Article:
297. Sears, Evelyn 126, 128, 129, 130 132
  298. Sears, Sarah P. 81
  299. Sedgwick, Ellery 137
  300. Sever, Emily 81
  301. Sever, Francis W. 57, 136
  302. Sharfman, Zina 130
  303. Shattuck, Corine 126
  304. Shaw, Pauline Agassiz 126, 134
  305. Shipman, Ellen 81, 96, 136
  306. Shipman, Louis 95
  307. Shortt, Adam 134
  308. Shurtleff, Alice 125
  309. Shurtleff, Arthur Asahel 94, 173 235
  310. Shurtleff, Asahel Milton 170, 188a vo
  311. Shurtleff, Ernest 173
  312. Shurtleff, Gertrude Hope 81, [166], 167, 254
  313. Shurtleff, Helen C. 81
  314. Shurtleff, Margaret Homer (Nichols) 150-154, 167
  315. Shurtleff, Miranda 235
  316. Shurtleff, Sarah Ann (Keegan) 185, 186, 188a vo
  317. Shurtleff, Sidney Nichols 80, 91, 125
  318. Sidgweth, Eleanor Mildred 130
  319. Sieveking, A. Forbes 95
  320. Silverman, Bertha 131
  321. Smith, Anne E. 128
  322. Smith, Charles 96
  323. Smith, Constance Homer 121, 122
  324. Smith, Mabel J. 136
  325. Smith, Theodore Clarke 135, 136, 137
  326. Smyth, H.S. 131
  327. Spinney[?], Dorthea 134
  328. Stairs [?]. Helen 96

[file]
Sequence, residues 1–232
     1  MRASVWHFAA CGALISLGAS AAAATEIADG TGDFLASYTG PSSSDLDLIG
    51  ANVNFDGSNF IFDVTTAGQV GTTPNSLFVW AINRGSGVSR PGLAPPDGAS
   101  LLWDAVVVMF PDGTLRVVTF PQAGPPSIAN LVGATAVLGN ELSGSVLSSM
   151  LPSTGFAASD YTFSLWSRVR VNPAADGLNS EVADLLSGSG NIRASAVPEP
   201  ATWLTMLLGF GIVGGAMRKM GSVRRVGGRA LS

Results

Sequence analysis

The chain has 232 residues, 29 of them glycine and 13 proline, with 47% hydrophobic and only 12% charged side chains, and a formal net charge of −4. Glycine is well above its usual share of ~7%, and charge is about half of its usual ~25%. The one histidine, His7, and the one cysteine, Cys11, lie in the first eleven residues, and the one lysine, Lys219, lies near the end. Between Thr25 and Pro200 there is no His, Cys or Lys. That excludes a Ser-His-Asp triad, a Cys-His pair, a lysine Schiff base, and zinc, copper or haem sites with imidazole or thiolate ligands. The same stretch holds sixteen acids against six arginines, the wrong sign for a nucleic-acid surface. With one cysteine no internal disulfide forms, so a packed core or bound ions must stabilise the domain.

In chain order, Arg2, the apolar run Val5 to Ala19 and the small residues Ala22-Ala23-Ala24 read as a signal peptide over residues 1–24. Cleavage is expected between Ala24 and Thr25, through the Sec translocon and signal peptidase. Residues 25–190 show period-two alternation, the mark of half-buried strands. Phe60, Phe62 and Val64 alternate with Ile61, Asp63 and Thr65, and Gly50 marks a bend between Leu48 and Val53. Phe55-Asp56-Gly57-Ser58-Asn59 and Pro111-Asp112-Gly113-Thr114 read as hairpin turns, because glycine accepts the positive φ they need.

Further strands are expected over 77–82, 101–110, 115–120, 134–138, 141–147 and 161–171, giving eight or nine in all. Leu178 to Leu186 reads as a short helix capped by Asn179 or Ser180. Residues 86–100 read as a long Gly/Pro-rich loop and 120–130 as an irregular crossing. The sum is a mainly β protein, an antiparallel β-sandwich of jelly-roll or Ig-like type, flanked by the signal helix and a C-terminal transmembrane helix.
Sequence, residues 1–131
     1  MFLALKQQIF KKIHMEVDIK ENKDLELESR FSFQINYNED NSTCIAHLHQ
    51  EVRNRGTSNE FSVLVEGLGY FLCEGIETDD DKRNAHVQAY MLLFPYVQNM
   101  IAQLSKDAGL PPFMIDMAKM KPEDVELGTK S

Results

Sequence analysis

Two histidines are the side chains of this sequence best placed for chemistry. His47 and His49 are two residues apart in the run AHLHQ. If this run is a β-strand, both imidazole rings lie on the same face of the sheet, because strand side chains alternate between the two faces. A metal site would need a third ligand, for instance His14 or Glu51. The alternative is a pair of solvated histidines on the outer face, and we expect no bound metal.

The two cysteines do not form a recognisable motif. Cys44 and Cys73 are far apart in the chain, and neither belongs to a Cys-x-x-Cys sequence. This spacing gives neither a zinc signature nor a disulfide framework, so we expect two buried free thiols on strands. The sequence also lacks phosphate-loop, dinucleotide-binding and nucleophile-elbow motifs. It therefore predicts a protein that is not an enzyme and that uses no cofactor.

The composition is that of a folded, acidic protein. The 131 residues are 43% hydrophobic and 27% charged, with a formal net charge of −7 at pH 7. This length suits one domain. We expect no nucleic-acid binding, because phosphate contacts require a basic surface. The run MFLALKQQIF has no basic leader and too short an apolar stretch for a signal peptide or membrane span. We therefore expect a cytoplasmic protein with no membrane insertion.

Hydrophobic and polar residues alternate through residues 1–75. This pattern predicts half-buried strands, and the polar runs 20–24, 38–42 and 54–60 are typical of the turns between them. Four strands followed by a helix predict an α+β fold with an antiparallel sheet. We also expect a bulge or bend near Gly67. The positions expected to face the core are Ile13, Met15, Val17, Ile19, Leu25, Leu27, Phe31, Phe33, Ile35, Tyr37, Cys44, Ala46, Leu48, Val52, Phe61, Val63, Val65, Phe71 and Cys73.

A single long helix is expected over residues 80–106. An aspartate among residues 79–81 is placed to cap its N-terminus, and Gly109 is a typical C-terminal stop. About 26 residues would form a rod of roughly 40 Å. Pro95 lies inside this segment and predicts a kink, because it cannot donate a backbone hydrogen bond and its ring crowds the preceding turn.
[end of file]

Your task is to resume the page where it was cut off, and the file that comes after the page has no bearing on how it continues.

329. Staumfeld. [?], William 95
  330. Stedman, C.E. 25
  331. Stewart, Roberta D. 137
  332. Stillman, Lisa 130, 137
  333. Stillman, Marie [96], 97 130, 131 132,134
  334. Storrow, Helen 138
  335. Sturgis, [?] 24
  336. Taylor, Annie Newhall 137
  337. Taylor, J. Edith 135
  338. Taylor, Margaret 137
  339. Tchitcherine, Sophy 95
  340. Tetlow [?], Helen I. 139
  341. Thacher, Mary 136
  342. Thines, Ellen 95
  343. Thomas, F. Inego 130
  344. Thompson, Katharine A. 138
  345. Tileston, Margaret A. 129, 131
  346. Titoff, Beatrice 97
  347. Tucker, Emma H. 132
  348. Turnbull, Mary D. 81
  349. Upham,George B. 81
  350. Utley, [?] 235
  351. Villard, Oswald Garrison 134
  352. Walker, Laura M. 25
  353. Walker, Vivian 135
  354. Walton, Lawton 59
  355. Warren, Alice 95
  356. Wells, Louisa A. 136

Processing Information

Re-processed: March 1977

By: Patricia Affholter
Link to catalog
Title
Nichols family. Papers of the Nichols-Shurtleff family, 1780-1953 (inclusive), 1850-1940 (bulk): A Finding Aid
Author
Arthur and Elizabeth Schlesinger Library on the History of Women
Sponsor
The collection was re-processed under NEH Grant Number RC 24669-76-987.
EAD ID
sch00112

Repository Details

Part of the Schlesinger Library, Radcliffe Institute Repository